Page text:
Now truckers convoy to D.C.

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Bikers from across America roared into Washington Sept. 11 to get the attention of the White House and Congress with the message they’re really not fans of the “change America” themes pursued of late.

Organized through a loose coalition of Facebook pages and a contingent of volunteers who each took care of their own state, it resulted in official estimates of about a million motorcycles descending on Washington.

Now, the big boys want Washington’s attention, too. And they’ll be coming in 18 wheels at a time, instead of two.

Once again, the plans are appearing on a number of Facebook pages, where truckers say they are fed up with the changes in America and the administration’s failure to address adequately a number of economic issues that hit consumers hard. And they want something done.

One page, called Truckers to Shut Down America, calls for a three-day general strike by truckers Oct. 11-13.

It declares: “The American people are sick and tired of the corruption that is destroying America!”

Truckers are pledging not to haul freight on those days and say consumers can join in with truck drivers by staying home and not making any purchases.

Another page, called “1 Million Trucks to DC,” pledges to get as many truck drivers to converge on Washington, D.C., on Oct. 11 as possible.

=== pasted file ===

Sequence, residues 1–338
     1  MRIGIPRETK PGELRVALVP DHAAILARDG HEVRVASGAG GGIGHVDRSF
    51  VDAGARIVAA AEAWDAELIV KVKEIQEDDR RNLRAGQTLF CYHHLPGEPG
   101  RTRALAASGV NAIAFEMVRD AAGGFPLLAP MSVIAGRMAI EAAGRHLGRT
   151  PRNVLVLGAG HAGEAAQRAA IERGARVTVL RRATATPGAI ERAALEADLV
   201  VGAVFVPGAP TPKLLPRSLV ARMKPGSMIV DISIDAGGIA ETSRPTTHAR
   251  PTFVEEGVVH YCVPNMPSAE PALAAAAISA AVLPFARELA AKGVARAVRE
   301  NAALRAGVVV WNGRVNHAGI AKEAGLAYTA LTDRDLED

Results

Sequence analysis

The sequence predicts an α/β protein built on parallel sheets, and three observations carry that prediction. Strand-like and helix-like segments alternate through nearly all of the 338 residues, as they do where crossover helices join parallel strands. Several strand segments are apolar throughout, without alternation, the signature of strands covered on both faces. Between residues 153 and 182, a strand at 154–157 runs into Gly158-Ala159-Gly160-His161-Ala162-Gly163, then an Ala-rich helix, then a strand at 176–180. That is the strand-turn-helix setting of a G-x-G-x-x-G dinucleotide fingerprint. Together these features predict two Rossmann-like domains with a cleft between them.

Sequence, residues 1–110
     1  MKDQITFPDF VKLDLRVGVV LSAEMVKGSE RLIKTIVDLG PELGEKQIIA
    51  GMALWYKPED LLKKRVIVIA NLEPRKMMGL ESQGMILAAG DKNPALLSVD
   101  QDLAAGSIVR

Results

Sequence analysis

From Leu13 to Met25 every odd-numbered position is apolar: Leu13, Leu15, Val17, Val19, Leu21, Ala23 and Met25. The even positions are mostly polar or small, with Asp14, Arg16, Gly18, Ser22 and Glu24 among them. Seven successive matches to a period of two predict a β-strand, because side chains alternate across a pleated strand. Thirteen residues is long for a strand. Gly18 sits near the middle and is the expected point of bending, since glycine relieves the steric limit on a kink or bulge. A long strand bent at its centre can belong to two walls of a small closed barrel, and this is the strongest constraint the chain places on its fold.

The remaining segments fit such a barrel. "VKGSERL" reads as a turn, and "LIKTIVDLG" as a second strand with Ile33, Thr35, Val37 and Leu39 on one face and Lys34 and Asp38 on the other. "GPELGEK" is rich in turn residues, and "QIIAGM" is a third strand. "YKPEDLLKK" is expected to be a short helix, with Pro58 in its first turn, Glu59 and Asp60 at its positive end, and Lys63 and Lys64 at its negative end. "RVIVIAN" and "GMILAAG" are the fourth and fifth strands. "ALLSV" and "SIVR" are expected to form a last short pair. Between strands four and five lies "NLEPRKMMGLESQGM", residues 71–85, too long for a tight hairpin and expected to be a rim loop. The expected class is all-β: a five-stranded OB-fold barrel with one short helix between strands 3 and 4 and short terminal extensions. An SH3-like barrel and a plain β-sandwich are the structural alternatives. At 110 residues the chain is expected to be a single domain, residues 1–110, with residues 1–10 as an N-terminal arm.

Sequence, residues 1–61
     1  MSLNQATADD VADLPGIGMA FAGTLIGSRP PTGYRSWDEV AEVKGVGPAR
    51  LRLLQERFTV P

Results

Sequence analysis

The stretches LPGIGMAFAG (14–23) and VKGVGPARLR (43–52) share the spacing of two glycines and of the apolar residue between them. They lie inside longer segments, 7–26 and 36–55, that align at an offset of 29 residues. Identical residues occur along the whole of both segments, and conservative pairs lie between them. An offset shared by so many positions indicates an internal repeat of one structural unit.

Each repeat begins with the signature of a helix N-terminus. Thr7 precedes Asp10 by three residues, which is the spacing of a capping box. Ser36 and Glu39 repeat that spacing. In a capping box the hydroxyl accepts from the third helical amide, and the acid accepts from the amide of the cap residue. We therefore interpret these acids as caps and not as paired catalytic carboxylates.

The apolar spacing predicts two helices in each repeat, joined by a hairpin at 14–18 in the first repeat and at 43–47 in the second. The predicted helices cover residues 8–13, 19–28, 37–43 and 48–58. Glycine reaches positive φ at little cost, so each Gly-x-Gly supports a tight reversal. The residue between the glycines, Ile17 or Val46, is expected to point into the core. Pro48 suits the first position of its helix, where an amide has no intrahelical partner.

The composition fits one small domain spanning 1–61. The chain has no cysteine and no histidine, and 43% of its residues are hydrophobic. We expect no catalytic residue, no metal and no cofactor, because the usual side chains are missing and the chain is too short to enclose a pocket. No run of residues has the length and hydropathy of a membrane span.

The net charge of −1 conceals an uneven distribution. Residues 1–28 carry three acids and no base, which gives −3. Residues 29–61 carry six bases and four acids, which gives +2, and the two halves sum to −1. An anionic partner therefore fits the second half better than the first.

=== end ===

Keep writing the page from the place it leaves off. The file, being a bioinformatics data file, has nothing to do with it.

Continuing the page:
The primary focus of the protest will be the price of fuel since Barack Obama has occupied the Oval Office.

Statistics show the average price of unleaded gasoline in the U.S. was $1.84 on Jan. 19, 2009, the day before Obama took office.

A recent survey found that figure was at $3.61 per gallon, up more than 90 percent. And that wasn’t even the highest price for fuel under Obama. In 2011 in reached just a few pennies short of $4 a gallon.

According to a blog that was promoting the strike and rally in Washington,, the grass roots action is intended to bring into the discussion issues of significance.

“Last year the American Truckers Association prepared a report for Congress highlighting the susceptibility of the nation’s just-in-time delivery system, the majority of which is made possible by the transport and delivery of freight. In the event of a catastrophic disaster such as a war that drives fuel prices through the roof or even a natural disaster such as a solar flare that renders electronic trucks inoperable, there would be a ‘swift and devastating impact on the food, healthcare, transportation, waste removal, retail, manufacturing, and financial sectors.

“The backbone of commerce in the United States are the truck drivers who spend long hours on the road ensuring our very survival as a modern society,” the report said. “But with fuel prices continuing to rise, wages dropping, jobs becoming harder to find, and rampant corruption in Washington, D.C., furthering the country’s economic death spiral, America’s truck drivers, like the majority of our fellow citizens, are fed up.”

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